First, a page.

Mainstream Egyptologists believe that it was constructed in approximately 20 years. Their generally accepted estimated date of its completion is c. 2500 BC. Although this date contradicts radiocarbon dating evidence it is loosely supported by a lack of archaeological findings for the existence prior to the fourth dynasty of a civilization with sufficient population or technical ability in the area.
RJ or RL-shaped supports possibly used to raise several-ton stone blocks.
Materials and workforce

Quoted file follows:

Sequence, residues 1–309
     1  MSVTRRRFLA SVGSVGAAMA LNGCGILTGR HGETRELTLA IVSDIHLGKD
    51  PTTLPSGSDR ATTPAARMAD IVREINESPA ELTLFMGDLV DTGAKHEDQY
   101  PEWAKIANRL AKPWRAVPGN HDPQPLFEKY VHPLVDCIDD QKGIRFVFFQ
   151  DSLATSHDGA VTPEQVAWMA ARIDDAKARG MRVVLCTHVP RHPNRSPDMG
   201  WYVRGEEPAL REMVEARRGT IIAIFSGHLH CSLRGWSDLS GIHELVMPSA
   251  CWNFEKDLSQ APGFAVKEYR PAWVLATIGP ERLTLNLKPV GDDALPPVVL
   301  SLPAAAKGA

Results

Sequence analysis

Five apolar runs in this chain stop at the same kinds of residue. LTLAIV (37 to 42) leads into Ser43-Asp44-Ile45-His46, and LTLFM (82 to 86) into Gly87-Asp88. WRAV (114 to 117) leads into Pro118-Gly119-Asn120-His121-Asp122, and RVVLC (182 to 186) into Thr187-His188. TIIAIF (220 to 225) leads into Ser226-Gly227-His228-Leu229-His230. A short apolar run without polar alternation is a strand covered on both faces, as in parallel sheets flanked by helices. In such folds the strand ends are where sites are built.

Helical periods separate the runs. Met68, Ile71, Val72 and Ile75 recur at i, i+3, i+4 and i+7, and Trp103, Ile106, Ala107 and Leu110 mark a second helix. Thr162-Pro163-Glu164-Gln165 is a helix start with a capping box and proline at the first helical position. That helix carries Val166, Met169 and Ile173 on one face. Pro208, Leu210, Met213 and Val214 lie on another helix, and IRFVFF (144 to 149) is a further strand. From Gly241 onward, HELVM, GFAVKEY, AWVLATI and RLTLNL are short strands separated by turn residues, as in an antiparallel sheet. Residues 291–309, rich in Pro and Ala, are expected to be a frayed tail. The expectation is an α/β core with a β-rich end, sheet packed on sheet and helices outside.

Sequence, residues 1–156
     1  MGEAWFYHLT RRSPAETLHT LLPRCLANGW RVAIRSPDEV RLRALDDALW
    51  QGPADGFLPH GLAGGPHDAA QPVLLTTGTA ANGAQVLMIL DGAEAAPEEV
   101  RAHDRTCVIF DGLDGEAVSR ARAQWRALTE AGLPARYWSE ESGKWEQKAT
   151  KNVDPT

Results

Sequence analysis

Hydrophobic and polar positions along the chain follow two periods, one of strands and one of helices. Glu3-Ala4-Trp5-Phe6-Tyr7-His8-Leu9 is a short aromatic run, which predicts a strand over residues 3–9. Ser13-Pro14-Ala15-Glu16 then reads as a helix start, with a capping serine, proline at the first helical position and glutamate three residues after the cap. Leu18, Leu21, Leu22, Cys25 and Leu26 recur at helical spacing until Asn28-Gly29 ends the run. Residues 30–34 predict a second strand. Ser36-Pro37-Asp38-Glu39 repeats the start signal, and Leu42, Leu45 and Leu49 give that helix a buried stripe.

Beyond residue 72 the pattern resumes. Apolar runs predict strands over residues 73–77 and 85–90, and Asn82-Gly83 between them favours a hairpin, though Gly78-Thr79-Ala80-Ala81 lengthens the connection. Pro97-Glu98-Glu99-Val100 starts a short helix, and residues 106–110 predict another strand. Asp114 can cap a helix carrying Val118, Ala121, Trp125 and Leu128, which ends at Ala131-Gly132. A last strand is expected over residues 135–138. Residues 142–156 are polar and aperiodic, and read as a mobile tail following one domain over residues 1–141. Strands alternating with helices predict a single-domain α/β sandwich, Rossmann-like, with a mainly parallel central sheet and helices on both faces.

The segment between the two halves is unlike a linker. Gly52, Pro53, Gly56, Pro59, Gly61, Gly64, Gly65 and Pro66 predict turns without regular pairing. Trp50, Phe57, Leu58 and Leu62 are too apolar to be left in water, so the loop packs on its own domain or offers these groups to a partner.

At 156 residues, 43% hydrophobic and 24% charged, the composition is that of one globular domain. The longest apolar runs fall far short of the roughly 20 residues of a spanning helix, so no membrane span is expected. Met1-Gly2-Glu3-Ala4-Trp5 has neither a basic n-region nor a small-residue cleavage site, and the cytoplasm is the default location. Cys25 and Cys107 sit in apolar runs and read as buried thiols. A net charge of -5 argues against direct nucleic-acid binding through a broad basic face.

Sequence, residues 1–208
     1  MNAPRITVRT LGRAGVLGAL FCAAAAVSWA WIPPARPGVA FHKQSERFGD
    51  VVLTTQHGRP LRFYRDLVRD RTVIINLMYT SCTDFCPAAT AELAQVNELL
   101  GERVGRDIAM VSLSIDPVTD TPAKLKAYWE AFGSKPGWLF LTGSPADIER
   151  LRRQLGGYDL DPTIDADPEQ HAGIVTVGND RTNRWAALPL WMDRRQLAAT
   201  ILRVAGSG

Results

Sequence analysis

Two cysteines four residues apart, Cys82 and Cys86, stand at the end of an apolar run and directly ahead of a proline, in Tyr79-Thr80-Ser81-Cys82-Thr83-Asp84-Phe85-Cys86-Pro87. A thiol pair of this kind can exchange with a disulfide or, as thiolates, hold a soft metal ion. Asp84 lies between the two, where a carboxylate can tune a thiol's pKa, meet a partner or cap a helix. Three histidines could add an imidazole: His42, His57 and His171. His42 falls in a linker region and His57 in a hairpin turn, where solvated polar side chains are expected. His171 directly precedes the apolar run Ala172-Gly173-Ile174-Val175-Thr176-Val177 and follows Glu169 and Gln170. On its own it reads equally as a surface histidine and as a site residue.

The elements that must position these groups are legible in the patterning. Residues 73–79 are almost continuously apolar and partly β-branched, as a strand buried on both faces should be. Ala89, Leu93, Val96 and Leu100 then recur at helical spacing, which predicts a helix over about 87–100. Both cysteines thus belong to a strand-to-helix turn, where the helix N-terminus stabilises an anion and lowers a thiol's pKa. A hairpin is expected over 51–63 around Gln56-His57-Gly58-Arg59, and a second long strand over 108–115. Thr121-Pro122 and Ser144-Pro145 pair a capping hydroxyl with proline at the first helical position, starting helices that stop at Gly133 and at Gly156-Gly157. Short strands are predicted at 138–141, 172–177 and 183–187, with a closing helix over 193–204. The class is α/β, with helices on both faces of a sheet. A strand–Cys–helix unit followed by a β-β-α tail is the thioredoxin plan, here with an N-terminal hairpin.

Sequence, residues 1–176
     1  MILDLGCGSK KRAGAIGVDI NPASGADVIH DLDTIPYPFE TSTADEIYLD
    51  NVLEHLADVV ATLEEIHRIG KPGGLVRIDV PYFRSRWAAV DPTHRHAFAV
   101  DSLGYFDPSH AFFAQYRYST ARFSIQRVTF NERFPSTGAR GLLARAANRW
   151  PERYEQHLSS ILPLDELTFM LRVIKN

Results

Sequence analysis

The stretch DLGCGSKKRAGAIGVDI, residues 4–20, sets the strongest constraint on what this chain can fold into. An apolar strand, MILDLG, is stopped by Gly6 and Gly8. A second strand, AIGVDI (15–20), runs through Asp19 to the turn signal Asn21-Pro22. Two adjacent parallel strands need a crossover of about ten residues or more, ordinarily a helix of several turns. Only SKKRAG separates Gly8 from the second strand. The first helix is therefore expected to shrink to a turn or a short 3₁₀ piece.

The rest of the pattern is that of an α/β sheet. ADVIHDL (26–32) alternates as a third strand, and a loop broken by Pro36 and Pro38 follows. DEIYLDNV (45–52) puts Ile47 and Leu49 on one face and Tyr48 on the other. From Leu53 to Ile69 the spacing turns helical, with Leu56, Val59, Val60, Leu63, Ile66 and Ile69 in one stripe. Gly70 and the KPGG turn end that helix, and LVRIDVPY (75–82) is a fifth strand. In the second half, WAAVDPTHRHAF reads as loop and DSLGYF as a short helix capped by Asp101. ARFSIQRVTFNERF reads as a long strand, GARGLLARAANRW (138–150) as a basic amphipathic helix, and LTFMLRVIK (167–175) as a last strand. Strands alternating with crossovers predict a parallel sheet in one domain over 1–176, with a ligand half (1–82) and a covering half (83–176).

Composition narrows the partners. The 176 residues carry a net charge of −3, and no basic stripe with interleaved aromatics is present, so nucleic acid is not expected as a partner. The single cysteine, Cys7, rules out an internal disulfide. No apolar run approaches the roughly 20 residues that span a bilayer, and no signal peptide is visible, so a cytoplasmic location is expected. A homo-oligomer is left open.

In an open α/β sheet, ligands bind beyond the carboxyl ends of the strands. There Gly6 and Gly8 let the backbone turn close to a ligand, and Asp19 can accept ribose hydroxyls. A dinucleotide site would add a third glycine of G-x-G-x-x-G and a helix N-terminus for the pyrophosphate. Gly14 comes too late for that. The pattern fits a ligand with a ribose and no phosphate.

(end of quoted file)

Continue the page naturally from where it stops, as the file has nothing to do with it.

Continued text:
Many varied estimates have been made regarding the workforce needed to construct the Great Pyramid. Herodotus, the Greek historian in the 5th century BC, estimated that construction may have required 20,000 workers for 20 years. Recent evidence has been found that suggests the workforce was in fact paid , which would require accounting and bureaucratic skills of a high order. Polish architect Wieslaw Kozinski believed that it took as many as 25 men to transport a 1.5-ton stone block. Based on this, he estimated the workforce to be 300,000 men on the construction site, with an additional 60,000 off-site. 19th century Egyptologist William Flinders Petrie proposed that the workforce was largely composed not of slaves but of the rural Egyptian population, working during periods when the Nile river was flooded and agricultural activity suspended. Egyptologist Miroslav Verner posited that the labor was organized into a hierarchy, consisting of two gangs of 100,000 men, divided into five zaa or phyle of 200 men each, which may have been further divided according to the skills of the workers. Some research suggests alternate estimates to the accepted workforce size. For instance, mathematician Kurt Mendelssohn calculated that the workforce may have been 50,000 men at most, while Ludwig Borchardt and Louis Croon placed the number at 36,000. According to Verner, a workforce of no more than 30,000 was needed in the Great Pyramid's construction.